An atmospheric and contained biopic, Darkest Hour takes place over a few weeks in May 1940 with an embattled Churchill besieged by his party while Nazi forces roll across western Europe. Gary Oldman moves beyond caricature playing one of the 20th century’s most recognisable characters, and the always brilliant Ben Mendelsohn tempers his usual menace as a nervy George VI. History buffs will find Darkest Hour a useful companion piece to Dunkirk, but the film offers a lot to the political tragics among us.
While Oldman rightly owns the picture, parliament itself is a leading character in Darkest Hour. The atmosphere in the House of Commons is mostly dark, with the outside world shooting through only occasionally to light the smoky, dusty air. You can practically choke on the dust motes.
And it’s not just the atmosphere that evokes another time. The customs, quirks and characters of parliament are also captured with charm. In the parliamentary scenes, we see members waving paper in furious agreement, while a key point of suspense comes from the members awaiting a handkerchief signal from outgoing prime minister Neville Chamberlain before they can applaud. (No, we won’t spoil it for you).
And while it can seem old-worldly, the arcane nature of parliament has changed very little since Churchill’s day.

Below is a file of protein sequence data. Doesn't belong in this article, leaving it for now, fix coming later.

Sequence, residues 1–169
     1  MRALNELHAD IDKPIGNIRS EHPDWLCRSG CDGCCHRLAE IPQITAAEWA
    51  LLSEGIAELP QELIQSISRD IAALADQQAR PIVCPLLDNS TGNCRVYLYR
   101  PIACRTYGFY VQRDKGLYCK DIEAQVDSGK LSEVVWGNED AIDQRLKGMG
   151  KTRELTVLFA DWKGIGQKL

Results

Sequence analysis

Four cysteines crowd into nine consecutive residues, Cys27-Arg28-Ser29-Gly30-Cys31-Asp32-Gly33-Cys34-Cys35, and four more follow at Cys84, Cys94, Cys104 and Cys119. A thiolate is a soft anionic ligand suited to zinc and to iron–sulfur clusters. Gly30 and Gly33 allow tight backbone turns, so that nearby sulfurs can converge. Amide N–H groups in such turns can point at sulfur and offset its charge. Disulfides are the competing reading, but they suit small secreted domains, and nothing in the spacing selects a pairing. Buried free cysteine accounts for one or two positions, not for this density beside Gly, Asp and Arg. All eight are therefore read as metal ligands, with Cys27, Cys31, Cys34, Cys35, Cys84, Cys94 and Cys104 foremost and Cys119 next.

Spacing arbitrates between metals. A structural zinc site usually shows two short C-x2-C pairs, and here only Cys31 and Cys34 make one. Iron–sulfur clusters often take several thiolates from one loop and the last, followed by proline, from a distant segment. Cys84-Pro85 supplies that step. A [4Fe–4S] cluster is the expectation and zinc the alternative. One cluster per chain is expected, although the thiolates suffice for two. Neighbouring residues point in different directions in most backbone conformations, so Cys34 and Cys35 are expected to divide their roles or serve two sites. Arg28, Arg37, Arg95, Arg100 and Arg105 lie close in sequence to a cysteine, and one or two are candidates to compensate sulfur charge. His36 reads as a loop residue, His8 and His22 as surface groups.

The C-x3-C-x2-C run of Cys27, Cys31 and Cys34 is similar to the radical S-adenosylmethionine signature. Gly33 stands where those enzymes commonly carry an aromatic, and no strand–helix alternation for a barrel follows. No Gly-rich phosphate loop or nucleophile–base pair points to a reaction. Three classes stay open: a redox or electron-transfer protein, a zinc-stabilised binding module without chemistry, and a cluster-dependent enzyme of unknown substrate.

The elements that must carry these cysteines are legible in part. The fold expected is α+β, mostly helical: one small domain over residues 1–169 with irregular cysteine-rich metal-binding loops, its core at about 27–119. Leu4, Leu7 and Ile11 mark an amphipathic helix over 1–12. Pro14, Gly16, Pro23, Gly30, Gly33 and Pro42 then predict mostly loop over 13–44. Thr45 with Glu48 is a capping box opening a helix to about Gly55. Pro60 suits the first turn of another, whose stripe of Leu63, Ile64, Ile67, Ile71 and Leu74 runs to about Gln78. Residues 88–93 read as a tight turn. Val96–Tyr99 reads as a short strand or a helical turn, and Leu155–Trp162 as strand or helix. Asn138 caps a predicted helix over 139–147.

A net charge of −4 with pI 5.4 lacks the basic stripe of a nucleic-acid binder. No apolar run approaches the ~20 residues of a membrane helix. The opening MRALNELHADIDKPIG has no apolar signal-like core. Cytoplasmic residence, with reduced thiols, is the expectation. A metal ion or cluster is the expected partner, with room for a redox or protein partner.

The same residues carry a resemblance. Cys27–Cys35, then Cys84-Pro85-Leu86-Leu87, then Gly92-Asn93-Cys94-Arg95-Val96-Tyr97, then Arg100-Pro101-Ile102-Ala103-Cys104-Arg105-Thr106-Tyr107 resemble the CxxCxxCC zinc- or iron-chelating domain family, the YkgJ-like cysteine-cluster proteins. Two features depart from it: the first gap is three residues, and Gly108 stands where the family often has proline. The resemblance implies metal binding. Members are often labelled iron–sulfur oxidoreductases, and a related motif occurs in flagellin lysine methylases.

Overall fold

After all, the government and opposition benches are still two sword lengths apart (to discourage swordplay as a means of dispute resolution). And there are still sword hooks in the members’ cloak room. There is also an official snuff box at the entrance to the chamber, it having been decided that snorting tobacco was preferable to it some time after 1694. There was a public uproar about taxpayer funds being used to top up the snuff box a few years ago, although apparently the Principal Doorkeeper purchases the snuff at his or her own expense. Phew.
And in Australia, we’re not immune to these arcane rituals and pomp. For example, we still have thrones in our chambers. The “vice-regal throne” is for governors and governors-general to preside over parliament. The most ornate throne resides in Victoria, whose parliament was built in the flush of the gold rush. It is carved from Australian cedar and upholstered in maroon buttoned velvet, and features ornate carvings of the symbols of the British monarchy — the crown, the unicorn and Royal Lion.
There’s also the usher of the rod in our Senate – basically the concierge who escorts the president in and out of the chamber, takes the role and passes messages. All while carrying a huge black stick. The black rod in the federal Senate is 1.37 metres long, headed by a silver crown above the Australian coat of arms and was remade in ebony for the opening of New Parliament House (can we still call it that?) in 1998. Not all states have a black rod that fancy. In fact, in the early part of the 20th century, the Western Australian Parliament was short of an ornate rod, and ingeniously improvised by painting a pool cue black. They’ve since upped their rod game.